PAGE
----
Project description:Integrin-based focal adhesions (FA) transmit anchorage and traction forces between the cell and the extracellular matrix (ECM). To gain further insight into the physical parameters of the ECM that control FA assembly and force transduction in non-migrating cells, we used fibronectin (FN) nanopatterning within a cell adhesion-resistant background to establish the threshold area of ECM ligand required for stable FA assembly and force transduction. Integrin-FN clustering and adhesive force were strongly modulated by the geometry of the nanoscale adhesive area. Individual nanoisland area, not the number of nanoislands or total adhesive area, controlled integrin-FN clustering and adhesion strength. Importantly, below an area threshold (0.11 µm(2)), very few integrin-FN clusters and negligible adhesive forces were generated. We then asked whether this adhesive area threshold could be modulated by intracellular pathways known to influence either adhesive force, cytoskeletal tension, or the structural link between the two. Expression of talin- or vinculin-head domains that increase integrin activation or clustering overcame this nanolimit for stable integrin-FN clustering and increased adhesive force. Inhibition of myosin contractility in cells expressing a vinculin mutant that enhances cytoskeleton-integrin coupling also restored integrin-FN clustering below the nanolimit. We conclude that the minimum area of integrin-FN clusters required for stable assembly of nanoscale FA and adhesive force transduction is not a constant; rather it has a dynamic threshold that results from an equilibrium between pathways controlling adhesive force, cytoskeletal tension, and the structural linkage that transmits these forces, allowing the balance to be tipped by factors that regulate these mechanical parameters.
Project description:Extracellular matrix (ECM) composition and structural integrity is one of many factors that influence cellular differentiation. Fibronectin (FN) which is in many tissues the most abundant ECM protein forms a unique fibrillary network. FN homes several binding sites for sulfated glycosaminoglycans (sGAG), such as heparin (Hep), which was previously shown to influence FN conformation and protein binding. Synthetically sulfated hyaluronan derivatives (sHA) can serve as model molecules with a well characterized sulfation pattern to study sGAG-FN interaction. Here is shown that the low-sulfated sHA (sHA1) interacts with FN and influences fibril assembly. The interaction of FN fibrils with sHA1 and Hep, but not with non-sulfated HA was visualized by immunofluorescent co-staining. FRET analysis of FN confirmed the presence of more extended fibrils in human bone marrow stromal cells (hBMSC)-derived ECM in response to sHA1 and Hep. Although both sHA1 and Hep affected FN conformation, exclusively sHA1 increased FN protein level and led to thinner fibrils. Further, only sHA1 had a pro-osteogenic effect and enhanced the activity of tissue non-specific alkaline phosphatase. We hypothesize that the sHA1-triggered change in FN assembly influences the entire ECM network and could be the underlying mechanism for the pro-osteogenic effect of sHA1 on hBMSC.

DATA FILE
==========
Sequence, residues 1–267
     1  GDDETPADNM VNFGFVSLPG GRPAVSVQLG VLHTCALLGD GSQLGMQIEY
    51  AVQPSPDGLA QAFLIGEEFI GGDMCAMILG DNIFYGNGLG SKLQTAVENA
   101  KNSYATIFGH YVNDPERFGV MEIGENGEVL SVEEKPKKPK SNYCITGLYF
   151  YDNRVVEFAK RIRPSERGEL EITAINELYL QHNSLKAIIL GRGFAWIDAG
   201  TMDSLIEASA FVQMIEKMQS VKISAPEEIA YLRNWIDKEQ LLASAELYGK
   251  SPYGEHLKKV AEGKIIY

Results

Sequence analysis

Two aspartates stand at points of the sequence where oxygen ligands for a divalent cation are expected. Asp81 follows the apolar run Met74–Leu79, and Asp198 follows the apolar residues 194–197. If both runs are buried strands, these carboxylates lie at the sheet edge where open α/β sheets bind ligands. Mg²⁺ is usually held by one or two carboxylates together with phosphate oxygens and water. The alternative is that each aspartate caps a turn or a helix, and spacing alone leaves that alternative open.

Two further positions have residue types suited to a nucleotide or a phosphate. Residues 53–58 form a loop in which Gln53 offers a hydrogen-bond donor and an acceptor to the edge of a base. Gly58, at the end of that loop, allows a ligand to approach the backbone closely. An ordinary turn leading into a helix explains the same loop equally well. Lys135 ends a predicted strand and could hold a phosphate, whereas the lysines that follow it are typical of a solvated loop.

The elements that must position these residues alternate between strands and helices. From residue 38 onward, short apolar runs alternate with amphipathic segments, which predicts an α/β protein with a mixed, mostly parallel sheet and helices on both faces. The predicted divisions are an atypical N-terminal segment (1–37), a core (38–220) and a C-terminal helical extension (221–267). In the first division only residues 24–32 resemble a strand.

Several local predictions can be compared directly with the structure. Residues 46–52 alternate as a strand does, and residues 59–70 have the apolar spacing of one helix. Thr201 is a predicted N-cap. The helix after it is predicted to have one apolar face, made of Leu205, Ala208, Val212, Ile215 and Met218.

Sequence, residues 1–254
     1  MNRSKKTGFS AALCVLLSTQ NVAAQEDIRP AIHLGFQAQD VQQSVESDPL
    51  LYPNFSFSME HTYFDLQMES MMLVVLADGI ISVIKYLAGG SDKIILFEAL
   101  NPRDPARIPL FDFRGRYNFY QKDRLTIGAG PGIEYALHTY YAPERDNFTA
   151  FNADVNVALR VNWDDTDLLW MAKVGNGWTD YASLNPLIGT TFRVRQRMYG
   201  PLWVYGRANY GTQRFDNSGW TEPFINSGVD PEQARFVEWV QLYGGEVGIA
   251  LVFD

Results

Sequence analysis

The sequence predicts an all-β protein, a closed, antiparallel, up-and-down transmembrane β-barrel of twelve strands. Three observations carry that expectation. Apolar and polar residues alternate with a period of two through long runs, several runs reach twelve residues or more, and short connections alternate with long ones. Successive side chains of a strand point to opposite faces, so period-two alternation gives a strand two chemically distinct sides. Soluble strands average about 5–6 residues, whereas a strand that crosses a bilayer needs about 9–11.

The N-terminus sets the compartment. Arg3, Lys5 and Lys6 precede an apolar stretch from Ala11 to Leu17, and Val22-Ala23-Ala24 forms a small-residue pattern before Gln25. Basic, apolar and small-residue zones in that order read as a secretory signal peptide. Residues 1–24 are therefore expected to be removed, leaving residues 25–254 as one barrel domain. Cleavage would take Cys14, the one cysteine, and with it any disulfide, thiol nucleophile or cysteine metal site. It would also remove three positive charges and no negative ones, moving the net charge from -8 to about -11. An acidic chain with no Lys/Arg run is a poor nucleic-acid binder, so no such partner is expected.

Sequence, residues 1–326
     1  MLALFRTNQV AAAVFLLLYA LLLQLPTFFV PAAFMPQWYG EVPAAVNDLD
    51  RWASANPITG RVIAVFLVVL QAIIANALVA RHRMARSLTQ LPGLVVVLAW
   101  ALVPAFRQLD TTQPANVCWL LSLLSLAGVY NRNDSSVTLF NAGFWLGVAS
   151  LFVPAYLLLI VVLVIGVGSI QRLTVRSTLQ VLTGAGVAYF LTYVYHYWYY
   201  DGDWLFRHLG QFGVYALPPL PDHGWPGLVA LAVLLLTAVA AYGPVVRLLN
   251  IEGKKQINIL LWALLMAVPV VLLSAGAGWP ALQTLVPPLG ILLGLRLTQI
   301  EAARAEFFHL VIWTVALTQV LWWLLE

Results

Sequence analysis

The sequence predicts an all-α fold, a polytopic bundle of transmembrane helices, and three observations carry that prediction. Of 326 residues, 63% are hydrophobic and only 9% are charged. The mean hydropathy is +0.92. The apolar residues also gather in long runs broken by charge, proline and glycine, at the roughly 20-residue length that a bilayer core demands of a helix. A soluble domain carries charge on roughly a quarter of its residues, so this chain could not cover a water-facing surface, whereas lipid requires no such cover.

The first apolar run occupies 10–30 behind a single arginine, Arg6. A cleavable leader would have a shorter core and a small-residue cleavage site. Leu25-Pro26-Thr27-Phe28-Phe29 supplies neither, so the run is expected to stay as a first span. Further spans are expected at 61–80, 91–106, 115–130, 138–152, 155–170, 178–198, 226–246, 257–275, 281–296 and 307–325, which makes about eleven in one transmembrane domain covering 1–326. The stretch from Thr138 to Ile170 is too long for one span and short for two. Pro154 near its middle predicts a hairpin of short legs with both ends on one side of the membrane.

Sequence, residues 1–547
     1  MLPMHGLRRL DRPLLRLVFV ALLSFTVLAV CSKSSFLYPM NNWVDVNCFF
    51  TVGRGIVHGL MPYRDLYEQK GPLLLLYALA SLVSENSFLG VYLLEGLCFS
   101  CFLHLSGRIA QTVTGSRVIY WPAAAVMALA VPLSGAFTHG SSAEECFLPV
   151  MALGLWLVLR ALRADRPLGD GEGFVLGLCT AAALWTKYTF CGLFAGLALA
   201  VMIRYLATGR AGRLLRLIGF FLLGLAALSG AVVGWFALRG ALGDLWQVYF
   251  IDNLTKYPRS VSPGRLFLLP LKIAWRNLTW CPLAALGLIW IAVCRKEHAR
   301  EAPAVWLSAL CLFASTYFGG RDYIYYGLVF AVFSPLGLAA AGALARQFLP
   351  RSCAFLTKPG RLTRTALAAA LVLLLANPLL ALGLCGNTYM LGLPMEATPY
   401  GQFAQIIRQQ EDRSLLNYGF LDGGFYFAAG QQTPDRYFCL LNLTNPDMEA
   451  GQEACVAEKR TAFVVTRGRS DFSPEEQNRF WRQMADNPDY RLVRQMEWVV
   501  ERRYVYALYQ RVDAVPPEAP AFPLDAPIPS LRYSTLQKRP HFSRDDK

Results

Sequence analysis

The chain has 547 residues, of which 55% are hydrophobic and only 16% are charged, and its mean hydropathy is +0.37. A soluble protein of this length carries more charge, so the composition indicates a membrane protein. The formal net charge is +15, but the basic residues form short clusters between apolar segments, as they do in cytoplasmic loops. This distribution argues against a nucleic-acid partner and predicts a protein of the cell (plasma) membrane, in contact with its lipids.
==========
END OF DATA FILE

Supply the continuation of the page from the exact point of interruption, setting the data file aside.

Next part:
Project description:In the process of matrix assembly, multivalent extracellular matrix (ECM) proteins are induced to self-associate and to interact with other ECM proteins to form fibrillar networks. Matrix assembly is usually initiated by ECM glycoproteins binding to cell surface receptors, such as fibronectin (FN) dimers binding to ?5ß1 integrin. Receptor binding stimulates FN self-association mediated by the N-terminal assembly domain and organizes the actin cytoskeleton to promote cell contractility. FN conformational changes expose additional binding sites that participate in fibril formation and in conversion of fibrils into a stabilized, insoluble form. Once assembled, the FN matrix impacts tissue organization by contributing to the assembly of other ECM proteins. Here, we describe the major steps, molecular interactions, and cellular mechanisms involved in assembling FN dimers into fibrillar matrix while highlighting important issues and major questions that require further investigation.